For the second year in a row the SLTC held their annual conference in Northampton. The one this past weekend was the 115th. I wonder if anyone knows how many have been held in Northampton? Certainly these last two appear to herald a turnaround in the fortunes of the Society. Numbers are up and most noticeably it is now dominated by active industry executives with a fair group of students. The decline into a retirees club seems to have been slowed if not stopped.
This puts the SLTC under pressure to make sure they adjust their programmes to meet the expectations of this new group. They are international and from a very professional global leather industry where the old family tannery system has steadily evolved into quite new groupings. There is much more vertical integration and much better understanding of what is happening throughout the supply chain. How will the conference have to develop go be more suited to this audience? And it was interesting to see the difference in attendance between the day and the evening. Two quite different audiences.
And while the attendance was good it was also significant that some were missing; some of these were clearly part of the target audience and important in the world of leather. So this also needs some thought.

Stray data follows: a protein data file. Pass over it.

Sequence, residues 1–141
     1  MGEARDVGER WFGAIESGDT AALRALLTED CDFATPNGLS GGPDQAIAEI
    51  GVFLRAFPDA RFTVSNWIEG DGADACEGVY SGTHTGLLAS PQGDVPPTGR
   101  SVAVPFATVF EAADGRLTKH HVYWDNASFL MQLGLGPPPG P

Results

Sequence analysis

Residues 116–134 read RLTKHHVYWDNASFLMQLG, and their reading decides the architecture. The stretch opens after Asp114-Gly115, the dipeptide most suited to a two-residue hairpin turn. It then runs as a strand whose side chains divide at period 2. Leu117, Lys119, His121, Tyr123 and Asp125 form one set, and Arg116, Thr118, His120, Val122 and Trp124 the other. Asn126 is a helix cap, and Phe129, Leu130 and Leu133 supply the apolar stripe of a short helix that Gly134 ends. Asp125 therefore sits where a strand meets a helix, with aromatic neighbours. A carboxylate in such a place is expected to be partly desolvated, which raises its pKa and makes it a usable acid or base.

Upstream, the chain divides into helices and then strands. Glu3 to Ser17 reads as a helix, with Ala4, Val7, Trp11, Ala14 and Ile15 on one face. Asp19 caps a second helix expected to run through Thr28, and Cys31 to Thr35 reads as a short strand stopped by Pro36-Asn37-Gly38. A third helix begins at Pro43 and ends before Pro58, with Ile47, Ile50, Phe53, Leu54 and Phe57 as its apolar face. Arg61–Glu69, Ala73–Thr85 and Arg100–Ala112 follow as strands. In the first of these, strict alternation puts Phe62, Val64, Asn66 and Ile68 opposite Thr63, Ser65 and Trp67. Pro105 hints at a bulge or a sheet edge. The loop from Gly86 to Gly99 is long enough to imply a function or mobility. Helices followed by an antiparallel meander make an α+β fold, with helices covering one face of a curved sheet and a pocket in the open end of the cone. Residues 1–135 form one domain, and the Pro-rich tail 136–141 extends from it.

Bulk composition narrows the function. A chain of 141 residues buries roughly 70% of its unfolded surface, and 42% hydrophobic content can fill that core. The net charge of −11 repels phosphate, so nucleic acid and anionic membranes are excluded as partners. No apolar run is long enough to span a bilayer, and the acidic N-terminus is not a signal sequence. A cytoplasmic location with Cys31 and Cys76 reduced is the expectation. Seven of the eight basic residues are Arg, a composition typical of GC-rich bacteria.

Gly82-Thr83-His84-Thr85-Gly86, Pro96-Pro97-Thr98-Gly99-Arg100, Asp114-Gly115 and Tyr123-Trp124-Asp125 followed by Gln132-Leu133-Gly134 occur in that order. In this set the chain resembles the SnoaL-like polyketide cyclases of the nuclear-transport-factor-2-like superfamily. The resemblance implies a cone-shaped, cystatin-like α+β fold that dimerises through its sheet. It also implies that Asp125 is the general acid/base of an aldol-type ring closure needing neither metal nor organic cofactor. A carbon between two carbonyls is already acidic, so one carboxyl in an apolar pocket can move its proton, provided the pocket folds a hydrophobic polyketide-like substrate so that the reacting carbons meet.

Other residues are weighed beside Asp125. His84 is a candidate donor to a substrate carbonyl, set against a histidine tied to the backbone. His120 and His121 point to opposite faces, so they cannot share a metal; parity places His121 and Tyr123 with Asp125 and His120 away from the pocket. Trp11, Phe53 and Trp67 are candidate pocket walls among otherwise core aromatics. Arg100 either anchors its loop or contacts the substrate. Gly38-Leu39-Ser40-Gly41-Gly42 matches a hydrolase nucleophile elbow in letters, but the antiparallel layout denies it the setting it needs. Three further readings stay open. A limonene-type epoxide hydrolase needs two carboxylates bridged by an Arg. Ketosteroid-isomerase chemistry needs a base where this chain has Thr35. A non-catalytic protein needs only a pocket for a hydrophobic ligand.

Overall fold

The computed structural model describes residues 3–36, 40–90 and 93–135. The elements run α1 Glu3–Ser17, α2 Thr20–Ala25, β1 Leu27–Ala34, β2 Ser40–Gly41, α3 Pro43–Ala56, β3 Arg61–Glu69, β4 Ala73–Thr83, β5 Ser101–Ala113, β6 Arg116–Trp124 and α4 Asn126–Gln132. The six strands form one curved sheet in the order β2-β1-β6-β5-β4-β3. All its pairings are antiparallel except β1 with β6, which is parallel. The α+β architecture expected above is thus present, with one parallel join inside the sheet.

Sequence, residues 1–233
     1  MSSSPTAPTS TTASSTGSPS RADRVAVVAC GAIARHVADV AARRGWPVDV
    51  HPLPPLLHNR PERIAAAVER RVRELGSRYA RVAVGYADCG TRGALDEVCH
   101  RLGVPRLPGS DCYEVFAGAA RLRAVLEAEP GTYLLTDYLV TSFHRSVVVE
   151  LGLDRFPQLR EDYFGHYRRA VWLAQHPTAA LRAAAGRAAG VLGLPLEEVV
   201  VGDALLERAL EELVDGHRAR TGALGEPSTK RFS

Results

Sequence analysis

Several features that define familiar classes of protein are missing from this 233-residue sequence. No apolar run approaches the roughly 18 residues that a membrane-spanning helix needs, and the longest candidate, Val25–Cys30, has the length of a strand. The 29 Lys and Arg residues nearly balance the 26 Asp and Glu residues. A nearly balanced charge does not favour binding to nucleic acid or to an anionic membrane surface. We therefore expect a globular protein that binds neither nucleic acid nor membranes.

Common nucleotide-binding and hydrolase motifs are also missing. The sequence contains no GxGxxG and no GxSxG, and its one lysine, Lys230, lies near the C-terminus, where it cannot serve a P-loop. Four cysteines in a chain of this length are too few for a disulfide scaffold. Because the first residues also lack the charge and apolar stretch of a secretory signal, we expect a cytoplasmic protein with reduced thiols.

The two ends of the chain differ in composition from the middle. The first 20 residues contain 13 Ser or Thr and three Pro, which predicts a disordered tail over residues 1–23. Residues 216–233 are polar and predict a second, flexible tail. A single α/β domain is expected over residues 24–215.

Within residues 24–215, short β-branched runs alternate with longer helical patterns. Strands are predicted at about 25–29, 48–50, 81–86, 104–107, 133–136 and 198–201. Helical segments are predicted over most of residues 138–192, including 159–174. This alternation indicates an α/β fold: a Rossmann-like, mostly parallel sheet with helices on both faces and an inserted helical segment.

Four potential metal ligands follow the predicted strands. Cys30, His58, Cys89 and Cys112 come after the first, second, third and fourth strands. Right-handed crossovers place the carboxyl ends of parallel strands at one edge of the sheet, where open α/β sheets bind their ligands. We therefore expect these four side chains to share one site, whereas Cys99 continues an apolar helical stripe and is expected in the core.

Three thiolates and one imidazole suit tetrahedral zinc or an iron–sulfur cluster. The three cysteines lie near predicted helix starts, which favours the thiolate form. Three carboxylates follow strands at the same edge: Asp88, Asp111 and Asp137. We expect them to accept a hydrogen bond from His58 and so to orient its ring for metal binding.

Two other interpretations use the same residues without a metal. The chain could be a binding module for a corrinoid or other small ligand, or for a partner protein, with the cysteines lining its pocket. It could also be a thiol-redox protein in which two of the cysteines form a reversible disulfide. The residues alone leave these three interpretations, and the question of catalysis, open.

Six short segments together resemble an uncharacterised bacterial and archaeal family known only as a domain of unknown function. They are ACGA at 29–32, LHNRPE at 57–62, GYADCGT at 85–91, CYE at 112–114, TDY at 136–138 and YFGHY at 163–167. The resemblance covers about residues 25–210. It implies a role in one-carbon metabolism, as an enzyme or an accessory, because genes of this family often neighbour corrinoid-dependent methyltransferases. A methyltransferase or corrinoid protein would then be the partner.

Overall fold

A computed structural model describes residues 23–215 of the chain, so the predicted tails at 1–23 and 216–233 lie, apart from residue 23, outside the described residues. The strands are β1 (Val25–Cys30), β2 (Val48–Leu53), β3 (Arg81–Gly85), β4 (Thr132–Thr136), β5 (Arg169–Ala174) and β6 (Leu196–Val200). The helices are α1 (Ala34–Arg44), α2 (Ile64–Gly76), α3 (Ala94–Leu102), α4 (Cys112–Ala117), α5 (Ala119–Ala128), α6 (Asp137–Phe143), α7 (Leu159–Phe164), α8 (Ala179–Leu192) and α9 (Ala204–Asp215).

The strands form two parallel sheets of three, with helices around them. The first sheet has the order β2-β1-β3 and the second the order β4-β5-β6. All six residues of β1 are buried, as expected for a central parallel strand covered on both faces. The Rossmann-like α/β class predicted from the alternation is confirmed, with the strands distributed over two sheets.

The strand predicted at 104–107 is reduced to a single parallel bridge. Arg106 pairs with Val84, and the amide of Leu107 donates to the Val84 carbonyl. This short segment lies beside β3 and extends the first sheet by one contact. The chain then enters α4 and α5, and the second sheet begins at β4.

However this is viewed the importance of leather in Northampton is increasing each year. Northampton is back as a leather hub. It is more knowledge management than leather manufacture (although thankfully there still is a little of that with companies such as Blenkinsop) but it is growing and it is important on the world stage. Considering the value chain changes going on it is good that Northampton remains a major producer of welted footwear and has leathergoods businesses like Tusting. It is not clear that these companies quite get the value of the links back to leather; there is still a bit of a silo culture that runs counter to global trends.
We heard at the Conference about the importance of the connection between the tanner and the designer, of knowing who you are in all this, and we also heard of the reasons to bring more manufacturing back to the UK. Not just that hides and skins should not leave the UK with hair, dirt and the like attached but that moves towards Cradle to Cradle require it. Also when being reminded of all the issues from farmer to tanner with hides one wonders if all the knowledge gained in the UK is being fully exploited.
Getting round the, rather old-fashioned, notion of not naming commercial products and making rather dry fundamental research relevant to students and younger members is complex but using Northampton offers new opportunity. The tannery can be used for demonstrational, the University has NVision – the UK’s leading immersive 3D visualisation set up. Is it inconceivable that we might hold a lecture there with someone like Tony Covington walking us through the fibrils? And with lecture capture there is no reason why our South African members should not join us live.